# How does one get the gamma distribution parameters from a word problem description?

I am specifically confused as to the meanings of the shaping and scaling parameters of the gamma distribution and how they are used in a real context. Once I find the correct parameters, I have the equations to find everything else I need.

The word problem that I am looking at is:

Audrey, an astronomer is searching for extra-solar planets using the technique of relativistic lensing. Though there are believed to be a very large number of planets that can be found this way, actually finding one takes time and luck; and finding one planet does not help at all with finding planets of other stars in the same part of the sky. Audrey is good at it, and finds one planet at a time, on average once every three months.

Find the expected value and standard deviation of the number of planets she will find in the next two years.

Through logic alone, one can figure out that the expected value is eight, which should be equal to alpha times beta, if I am understanding the gamma distribution correctly.

Our teacher taught us gamma distribution with replacement parts. For instance, a system with 4 spare parts (plus the one already in the system) where each part lasts on average 4 months would be represented by a gamma distribution with shaping parameter 5, and scale parameter 4.

On the other hand, I may have misinterpreted the problem and am trying to use the wrong distribution. That's just the distribution we have been using, so I assumed that's the one to use. Instead, I am thinking that this may be a Poisson distribution.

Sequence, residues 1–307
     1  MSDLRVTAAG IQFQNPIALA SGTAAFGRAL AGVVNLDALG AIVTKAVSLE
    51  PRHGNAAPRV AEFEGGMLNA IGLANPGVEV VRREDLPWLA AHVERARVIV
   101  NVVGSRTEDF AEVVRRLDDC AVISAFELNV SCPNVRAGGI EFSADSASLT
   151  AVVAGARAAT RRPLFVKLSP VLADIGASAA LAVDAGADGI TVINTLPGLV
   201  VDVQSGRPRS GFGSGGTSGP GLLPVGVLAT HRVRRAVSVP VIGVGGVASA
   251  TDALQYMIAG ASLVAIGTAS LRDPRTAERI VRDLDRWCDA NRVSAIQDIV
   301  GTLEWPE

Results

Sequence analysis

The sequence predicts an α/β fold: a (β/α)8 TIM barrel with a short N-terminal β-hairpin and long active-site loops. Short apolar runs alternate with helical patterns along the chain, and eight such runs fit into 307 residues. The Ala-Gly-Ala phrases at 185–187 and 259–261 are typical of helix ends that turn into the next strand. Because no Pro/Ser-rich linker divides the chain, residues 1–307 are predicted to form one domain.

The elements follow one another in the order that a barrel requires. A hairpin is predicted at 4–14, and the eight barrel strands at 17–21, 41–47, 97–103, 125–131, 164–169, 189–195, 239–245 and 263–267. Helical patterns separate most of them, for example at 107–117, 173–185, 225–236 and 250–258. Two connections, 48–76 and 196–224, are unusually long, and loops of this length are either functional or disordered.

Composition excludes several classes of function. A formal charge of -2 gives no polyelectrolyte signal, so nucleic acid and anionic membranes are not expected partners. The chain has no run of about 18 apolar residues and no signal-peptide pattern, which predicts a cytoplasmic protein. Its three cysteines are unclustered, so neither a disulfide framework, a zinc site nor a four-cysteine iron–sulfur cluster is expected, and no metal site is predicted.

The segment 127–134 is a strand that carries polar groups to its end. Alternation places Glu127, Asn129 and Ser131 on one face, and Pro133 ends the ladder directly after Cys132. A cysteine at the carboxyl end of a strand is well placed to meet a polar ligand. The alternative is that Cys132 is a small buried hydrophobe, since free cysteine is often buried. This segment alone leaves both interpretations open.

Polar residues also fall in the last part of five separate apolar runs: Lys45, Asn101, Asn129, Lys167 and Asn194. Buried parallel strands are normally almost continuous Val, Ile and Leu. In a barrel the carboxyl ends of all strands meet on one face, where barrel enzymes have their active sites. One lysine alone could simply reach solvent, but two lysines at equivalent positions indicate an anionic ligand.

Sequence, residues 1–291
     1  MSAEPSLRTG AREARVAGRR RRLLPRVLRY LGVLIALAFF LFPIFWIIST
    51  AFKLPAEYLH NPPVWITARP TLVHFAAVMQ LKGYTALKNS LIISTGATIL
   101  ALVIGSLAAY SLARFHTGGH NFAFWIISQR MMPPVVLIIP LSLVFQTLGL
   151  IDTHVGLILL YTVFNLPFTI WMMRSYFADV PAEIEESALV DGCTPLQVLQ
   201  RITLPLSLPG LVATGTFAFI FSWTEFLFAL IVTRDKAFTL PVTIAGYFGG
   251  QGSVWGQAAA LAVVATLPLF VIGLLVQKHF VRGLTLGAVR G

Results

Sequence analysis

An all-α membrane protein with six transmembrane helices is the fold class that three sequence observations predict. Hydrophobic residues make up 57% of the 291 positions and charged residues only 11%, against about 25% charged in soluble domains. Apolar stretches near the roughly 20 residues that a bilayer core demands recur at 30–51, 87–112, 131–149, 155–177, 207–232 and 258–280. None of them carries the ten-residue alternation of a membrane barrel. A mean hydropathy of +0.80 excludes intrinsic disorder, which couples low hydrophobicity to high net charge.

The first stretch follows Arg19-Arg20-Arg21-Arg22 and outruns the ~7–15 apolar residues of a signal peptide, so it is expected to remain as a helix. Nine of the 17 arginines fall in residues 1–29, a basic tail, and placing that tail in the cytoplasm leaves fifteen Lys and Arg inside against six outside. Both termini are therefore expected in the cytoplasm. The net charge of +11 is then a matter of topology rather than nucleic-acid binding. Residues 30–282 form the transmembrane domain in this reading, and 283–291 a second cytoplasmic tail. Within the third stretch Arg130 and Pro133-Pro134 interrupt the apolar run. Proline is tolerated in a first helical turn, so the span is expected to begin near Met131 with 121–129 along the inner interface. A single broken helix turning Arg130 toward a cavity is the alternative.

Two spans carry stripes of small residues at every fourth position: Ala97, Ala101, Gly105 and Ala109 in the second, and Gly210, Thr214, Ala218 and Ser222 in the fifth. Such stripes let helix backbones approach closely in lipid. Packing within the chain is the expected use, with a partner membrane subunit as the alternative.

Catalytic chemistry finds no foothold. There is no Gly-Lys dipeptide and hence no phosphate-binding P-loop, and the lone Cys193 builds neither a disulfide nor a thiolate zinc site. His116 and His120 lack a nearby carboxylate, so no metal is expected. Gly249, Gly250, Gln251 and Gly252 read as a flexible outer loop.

Then the second part of the problem is:

When she finds her sixth new planet, she will be eligible for a prize. Find the expected value and standard deviation of the amount of time until she is eligible for that prize.

I would think this would use the gamma distribution with alpha = 6 and Beta = 3.

Study this first: http://en.wikipedia.org/wiki/Poisson_process

From "finding one planet does not help at all with finding planets of other stars in the same part of the sky," you can model $N(t)$, the number of planets found up to time $t$, as a Poisson process. So, $N(t)$ has distribution $\text{Poisson}(\lambda t)$. I suggest you to measure time in months.

From "Audrey is good at it, and finds one planet at a time, on average once every three months," you can figure out the value of $\lambda$, and from the properties of the $\textrm{Poisson}(\lambda \cdot 24)$ distribution you can "find the expected value and standard deviation of the number of planets she will find in the next two years."

As you've studied in the Wikipedia page, for the Poisson process the intervals between events (finding a new planet) have independent exponential distributions with parameter $\lambda$. The sum of $k$ of these independent exponentials has distribution $\textrm{Gamma}(k,\lambda)$, which gives you "the expected value and standard deviation of the amount of time until she is eligible for that prize."

• While Zen's answer does not refer to Wikipedia's page on Gamma random variables, it is worth keeping in mind that Wikipedia would denote the distribution referred to above as $\Gamma(k,\lambda^{-1})$ Mar 27 '12 at 17:08
• Dilip is 100% right. The fact that the gamma distribution has two common parameterizations is a source of confusion. I'm using the definition (Schervish, "Theory of Statistics"): $Y\sim\textrm{Gamma}(a,b)$ iff it has density $f_Y(y)=\frac{b^a}{\Gamma(a)}y^{a-1} e^{-by} I_{[0,\infty)}(y)$. So, $Z\sim \textrm{Exp}(\lambda)\sim \textrm{Gamma}(1,\lambda)$.
– Zen
Mar 27 '12 at 17:29
• That answers everything very precisely. I was going to nitpick about rate and scaling parameters, but Dilip beat me to it. In the long run, that really doesn't matter; the rate parameter makes a bit more sense anyways. Thanks, all!
– Poik
Mar 27 '12 at 17:40